Disney’s Dumbo was entertaining though unnecessary

Disney’s Dumbo was entertaining though unnecessary

Disney, being the precocious, powerful, present company that it is, understands the powerful marketing tool that is nostalgia. A connecting factor that spans between cultures, distances, and generational gaps is that nearly all of us watched at least one Disney movie in our childhood. We look back at our times spent with these cartoon characters with fondness and the hazy glow of childlike amusement obscures any negative feelings.

So, being the smart, multi-billion dollar company it is, Disney has capitalized on these memories by remaking the crap out of countless old movies. Some have been all but carbon copies of their originals, like 2017’s Beauty and the Beast, while others like 2014’s Maleficent were so different from their source material that they shouldn’t be called a  remake at all.

The studio’s most recent live-action installment Dumbo seems to occupy some sort of middle ground.

It followed the same plot line as the 1941 original: a little elephant, the titular character with big ears joins the circus. Both Dumbo movies are separated from their respective mothers, and both experiencing hazing as well as the joys, and pitfalls, of learning how to fly. Additionally, Dumbo remained animated in both films. However, as opposed to being completely cartoon, the 2019 movie is live action with some CGI additions.

The biggest change to the new version would have to be the change in the character that helps Dumbo with his aerial adventures. In the original, it was a quippy mouse named Timothy that helped to instruct the elephant. However, in the new version, the job of teacher and friend befalls upon two children, Milly and Joe Farrier (Nico Parker and Finley Hobbins). Timothy was a large staple in the story of Dumbo in my personal memories, but I think the Farrier children worked well in the context of the story as well as adding a fresh ingredient to the film.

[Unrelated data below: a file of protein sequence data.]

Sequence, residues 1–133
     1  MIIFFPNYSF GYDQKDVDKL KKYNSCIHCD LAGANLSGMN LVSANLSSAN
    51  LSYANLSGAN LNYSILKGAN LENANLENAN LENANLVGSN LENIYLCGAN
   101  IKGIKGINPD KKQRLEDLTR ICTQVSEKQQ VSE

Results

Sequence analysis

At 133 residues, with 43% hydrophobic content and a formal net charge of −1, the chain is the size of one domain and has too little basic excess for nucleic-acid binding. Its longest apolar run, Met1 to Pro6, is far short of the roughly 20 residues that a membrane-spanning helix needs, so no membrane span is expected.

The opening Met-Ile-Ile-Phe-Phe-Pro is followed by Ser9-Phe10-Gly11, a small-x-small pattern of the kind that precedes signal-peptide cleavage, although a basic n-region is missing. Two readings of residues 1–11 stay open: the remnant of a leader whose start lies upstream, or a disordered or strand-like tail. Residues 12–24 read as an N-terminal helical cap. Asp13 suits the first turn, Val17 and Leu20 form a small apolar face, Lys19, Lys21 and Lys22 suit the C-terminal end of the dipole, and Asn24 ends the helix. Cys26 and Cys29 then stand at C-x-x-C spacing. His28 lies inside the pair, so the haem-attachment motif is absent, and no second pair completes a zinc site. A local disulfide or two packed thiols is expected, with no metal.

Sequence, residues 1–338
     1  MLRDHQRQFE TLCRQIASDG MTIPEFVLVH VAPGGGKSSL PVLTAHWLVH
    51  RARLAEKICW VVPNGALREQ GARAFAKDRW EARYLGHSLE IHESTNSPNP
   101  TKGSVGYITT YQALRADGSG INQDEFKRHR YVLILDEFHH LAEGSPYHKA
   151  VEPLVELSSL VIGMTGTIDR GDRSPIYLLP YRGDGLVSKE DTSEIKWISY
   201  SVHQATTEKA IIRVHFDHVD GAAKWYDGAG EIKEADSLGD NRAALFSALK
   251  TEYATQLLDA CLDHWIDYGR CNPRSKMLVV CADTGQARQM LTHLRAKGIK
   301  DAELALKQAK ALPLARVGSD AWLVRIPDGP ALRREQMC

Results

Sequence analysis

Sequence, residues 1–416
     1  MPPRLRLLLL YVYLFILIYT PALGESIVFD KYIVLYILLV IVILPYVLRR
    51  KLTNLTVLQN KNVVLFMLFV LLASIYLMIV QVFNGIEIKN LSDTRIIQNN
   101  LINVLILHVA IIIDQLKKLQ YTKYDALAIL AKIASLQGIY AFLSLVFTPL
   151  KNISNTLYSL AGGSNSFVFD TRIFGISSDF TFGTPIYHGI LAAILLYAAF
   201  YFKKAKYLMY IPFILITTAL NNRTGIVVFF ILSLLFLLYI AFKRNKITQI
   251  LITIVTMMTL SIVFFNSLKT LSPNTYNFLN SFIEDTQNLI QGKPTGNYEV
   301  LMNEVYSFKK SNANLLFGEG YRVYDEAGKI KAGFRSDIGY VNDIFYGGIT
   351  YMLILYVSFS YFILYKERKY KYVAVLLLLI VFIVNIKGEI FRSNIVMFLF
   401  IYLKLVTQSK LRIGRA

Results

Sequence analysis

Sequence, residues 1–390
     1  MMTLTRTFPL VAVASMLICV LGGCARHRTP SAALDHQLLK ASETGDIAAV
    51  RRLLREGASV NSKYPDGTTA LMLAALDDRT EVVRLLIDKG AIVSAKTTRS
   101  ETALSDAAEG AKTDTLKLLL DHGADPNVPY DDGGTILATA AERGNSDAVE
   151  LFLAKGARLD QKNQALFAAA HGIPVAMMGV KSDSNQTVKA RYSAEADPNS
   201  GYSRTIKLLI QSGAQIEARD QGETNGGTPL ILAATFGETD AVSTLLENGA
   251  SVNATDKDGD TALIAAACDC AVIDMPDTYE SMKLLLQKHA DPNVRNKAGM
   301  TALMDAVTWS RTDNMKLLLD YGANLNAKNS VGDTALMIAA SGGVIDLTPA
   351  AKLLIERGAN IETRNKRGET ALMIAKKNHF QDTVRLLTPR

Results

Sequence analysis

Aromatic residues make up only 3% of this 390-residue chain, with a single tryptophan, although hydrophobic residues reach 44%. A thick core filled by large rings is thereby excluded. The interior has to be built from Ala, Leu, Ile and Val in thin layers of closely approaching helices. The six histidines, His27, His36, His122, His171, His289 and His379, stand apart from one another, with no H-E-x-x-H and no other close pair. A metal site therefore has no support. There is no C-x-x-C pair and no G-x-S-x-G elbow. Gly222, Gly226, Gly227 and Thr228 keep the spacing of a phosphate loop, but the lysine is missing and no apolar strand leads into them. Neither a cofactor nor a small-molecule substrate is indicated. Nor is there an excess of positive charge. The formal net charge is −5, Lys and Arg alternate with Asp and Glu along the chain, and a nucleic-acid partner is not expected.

However, not only were certain characters removed or revamped, the entire plotline was given an upgrade. In the 1941 movie, the simplistic plot centered on Dumbo’s ears. The enemy were all those who teased him because of his ears and the climax (spoiler alert for an almost 80-year-old movie!) is when Dumbo is finally able to spread his wingsor in this case, earsand soar.

In the new film, Holt Farrier—Milly and Joe’s father, played by Colin Firth—discovers the elephant’s uncanny abilities earlier on in the story and uses this to the advantage of struggling circus and circus owner Max Medici’s (Danny Devito). More plot development both separated and added to the storyline that the 1941 movie first established.

This might be my biggest problem with the film. Yes, I enjoyed the whimsicalness of the whole affair, as well as the ever-present tone of Tim Burton found in every movie that he is a part of. That being said, I believe that a large part about what made 1941’s Dumbo so entrancing and long-lasting is its simplicity. It takes an extraordinary story and presents it in an easy to digest way. The new Dumbo was a little too gaudy for my liking.

That’s not to say I didn’t enjoy it. The emotional ties were great, and the acting was both silly and moving. However, for fans of the original and for anyone who’s seen the 1941 film, the 2019 Dumbo just isn’t necessary.